Good day, Feastlings.
As my garage empties itself little by little of the tables, chairs and barstools that have inhabited it for two and half years now, we’ve ramped things up in the dining room. It feels more and more like a restaurant every day, and to be honest, I’d forgotten what a restaurant really feels like, despite believing all this time that I had never left one.
It turns out there’s an energy in a restaurant that’s difficult to achieve when it’s underseated- a palpable overlap of relaxation and ebullience that one can’t carry off so effectively until one reaches critical mass- and we’d frankly gotten so used to the spacing that I, at least, had forgotten what it’s like. It can be joyous, and it has been. It can also be a shellacking. And it has been. Last night was plenty busy, especially for September, especially for a Tuesday, and it went off, curiously, without a hitch. Friday and Saturday, on the other hand, despite our fully expecting to be busy, were a dumpster fire.
Not only had we gotten used to a half-seated dining room, we’d gotten used to the complete absence of all the things that regularly stall a restaurant on the proverbial train tracks. There’s the seating, of course- Tucsonans are a difficult breed. Everyone wants to eat at six, especially when there’s theater, or a sporting event, or anything else that begins at 7:30 or 8. And when they call to discover that we’re booked up at six, they simply make their reservation for 6:30, and show up at six. When we were seating fewer tables, it scarcely made a difference, but now? Ouch. There are three people on the line in our kitchen, and they’re preparing food for a person a minute, until there’s a bottleneck that makes them serve a person every 40 seconds or so. It’s a fine line between achievable and pipe dream, and we crossed it this weekend. Were it simply that bottleneck, we might have dug our way out of it, but there are other things we’re not used to.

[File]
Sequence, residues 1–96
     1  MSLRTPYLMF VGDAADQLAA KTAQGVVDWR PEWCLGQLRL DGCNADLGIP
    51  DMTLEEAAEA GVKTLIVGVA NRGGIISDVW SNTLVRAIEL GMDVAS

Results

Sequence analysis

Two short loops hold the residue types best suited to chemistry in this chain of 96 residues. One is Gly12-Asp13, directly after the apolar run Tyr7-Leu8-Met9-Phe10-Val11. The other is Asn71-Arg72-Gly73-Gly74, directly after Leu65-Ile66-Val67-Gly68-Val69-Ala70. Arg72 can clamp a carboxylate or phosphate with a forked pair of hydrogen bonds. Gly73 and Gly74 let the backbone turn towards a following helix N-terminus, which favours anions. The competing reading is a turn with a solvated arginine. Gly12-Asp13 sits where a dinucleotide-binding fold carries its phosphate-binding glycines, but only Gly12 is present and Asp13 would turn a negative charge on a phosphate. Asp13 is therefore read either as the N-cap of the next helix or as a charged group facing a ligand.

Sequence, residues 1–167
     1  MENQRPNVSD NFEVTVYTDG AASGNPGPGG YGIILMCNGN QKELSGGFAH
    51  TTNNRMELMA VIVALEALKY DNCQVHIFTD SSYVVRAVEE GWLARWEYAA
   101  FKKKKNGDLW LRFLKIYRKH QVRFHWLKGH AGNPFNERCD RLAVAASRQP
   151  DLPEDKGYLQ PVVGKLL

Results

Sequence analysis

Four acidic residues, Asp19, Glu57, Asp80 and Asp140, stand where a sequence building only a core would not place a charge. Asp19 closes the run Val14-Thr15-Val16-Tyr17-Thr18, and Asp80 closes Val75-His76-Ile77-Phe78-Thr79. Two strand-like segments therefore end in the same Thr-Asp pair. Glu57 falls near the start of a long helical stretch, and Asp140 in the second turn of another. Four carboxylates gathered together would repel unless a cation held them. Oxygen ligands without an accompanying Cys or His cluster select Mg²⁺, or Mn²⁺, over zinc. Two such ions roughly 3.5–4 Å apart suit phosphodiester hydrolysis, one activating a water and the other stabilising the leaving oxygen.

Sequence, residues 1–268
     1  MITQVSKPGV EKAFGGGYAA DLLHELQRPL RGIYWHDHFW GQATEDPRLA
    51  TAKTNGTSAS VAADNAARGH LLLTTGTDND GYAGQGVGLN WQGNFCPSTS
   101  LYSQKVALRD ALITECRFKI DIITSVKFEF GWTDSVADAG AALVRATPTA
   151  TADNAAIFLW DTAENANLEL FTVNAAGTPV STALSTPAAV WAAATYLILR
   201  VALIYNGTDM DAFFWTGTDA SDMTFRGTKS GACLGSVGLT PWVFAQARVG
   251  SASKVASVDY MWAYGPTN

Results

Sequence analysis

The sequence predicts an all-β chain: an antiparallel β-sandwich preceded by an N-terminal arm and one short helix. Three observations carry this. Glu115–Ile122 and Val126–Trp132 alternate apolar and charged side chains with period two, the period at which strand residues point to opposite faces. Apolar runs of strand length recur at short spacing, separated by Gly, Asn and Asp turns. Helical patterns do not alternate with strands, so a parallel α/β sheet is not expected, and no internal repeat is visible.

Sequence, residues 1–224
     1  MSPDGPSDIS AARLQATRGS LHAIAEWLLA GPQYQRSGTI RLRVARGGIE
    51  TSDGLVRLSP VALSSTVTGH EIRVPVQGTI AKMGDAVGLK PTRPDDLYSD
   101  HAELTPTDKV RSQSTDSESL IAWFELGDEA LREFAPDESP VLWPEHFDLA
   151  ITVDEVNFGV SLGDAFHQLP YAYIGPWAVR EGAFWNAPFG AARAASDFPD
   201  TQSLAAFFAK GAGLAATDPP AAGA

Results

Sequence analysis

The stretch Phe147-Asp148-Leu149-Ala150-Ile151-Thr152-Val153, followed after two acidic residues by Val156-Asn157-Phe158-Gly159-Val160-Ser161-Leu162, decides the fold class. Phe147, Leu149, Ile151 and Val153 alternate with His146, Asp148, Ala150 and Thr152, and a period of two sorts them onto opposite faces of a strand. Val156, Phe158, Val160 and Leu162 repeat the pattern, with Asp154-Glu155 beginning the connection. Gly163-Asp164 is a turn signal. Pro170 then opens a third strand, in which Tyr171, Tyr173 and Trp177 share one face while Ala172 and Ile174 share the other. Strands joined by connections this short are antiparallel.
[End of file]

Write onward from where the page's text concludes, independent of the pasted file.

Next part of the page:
There are things we’ve been doing when the restaurant is only half full that make very little difference- If there are only half a dozen tables seated, it’s not an issue to get an order from two or three tables and put them in all at once, but when it’s full? And several servers are doing it? Now that person we’re feeding every minute becomes one every ten seconds or so. Add to it a few tables who order their appetizers and plan on ordering entrees later, and there’s no longer that buffer for those three guys to figure out what should be on the grill and in the pans, and what should be ready to go on the grill and in those pans in a few minutes. Suddenly, it’s a very ugly free-for-all, with steaks being thrown on the grill and ducks thrown on the griddle in hopes of keeping up, and taking a blind stab at what we’ll need. Suddenly, we’re throwing away a fillet of sole because it was plated before the other three dishes on the table were ready, and then it’s the sole that’s missing by the time the other entrees have been plated. A ribbon of tickets three or four feet long is hanging out of the printer, not even acknowledged yet, and servers are beginning to come back into the kitchen to check on why their food isn’t up yet.
Now guests are getting cranky. They’ll miss their curtain, or their blood sugar is low, or both. Damage control comes next- push table 52 ahead or we’ll lose this couple; she’s smiling a brave but tight-lipped smile, embarrassed that he’s just sniped at the server. But pushing table 52 ahead means that 31 will wait even long, and we’ve got 51 and 53 ready, but we can’t serve them before 52 or the guy will blow a gasket. We can send him some squash blossoms while we get everything else out, but that means we can’t put 11 out, as it was the squash blossoms we were waiting for to sell the table.
It’s tightrope stuff, but it’s tightrope stuff on roller skates, and at high speed. Mind you, this happens in restaurants every night, especially around 7 pm, or 6 if there’s a curtain everyone is trying to make. But when you haven’t done it at this pace for a couple of years, and the saute cooks who could handle six or eight pans at a time have left to work in offices with chairs and air conditioning have been replace by cooks who can handle three pans at a time, it’s a recipe for a night where you go home with your head hung like Charlie Brown. The people who used to count down, “we have four orders of pork left,” then three, two and one, have been replaced now by people who say, “I don’t have any more green beans” when there are still five orders hanging on the rail.
So we’ll have a couple of weeks of adjustment- servers re-learning what the timing looks like to fire entrees for a table of five versus a table of two, cooks learning to ask for all-day counts of scallops, and that if they burn the terrine, they need to start a new order- turning them burnt-side down just means the guest won’t know it’s burnt until they taste it, not that they’ll believe it’s fine just because it’s face-down.
In the meantime, there’ll be our customary Saturday wine tasting, when it’s a little less busy, and we have less opportunity to overdo and underperform.
And we’ll be open for lunch and dinner most days- still closed on both Sundays and Mondays for now, mind you- but open, cautiously, trying to do right by you. Wish us luck.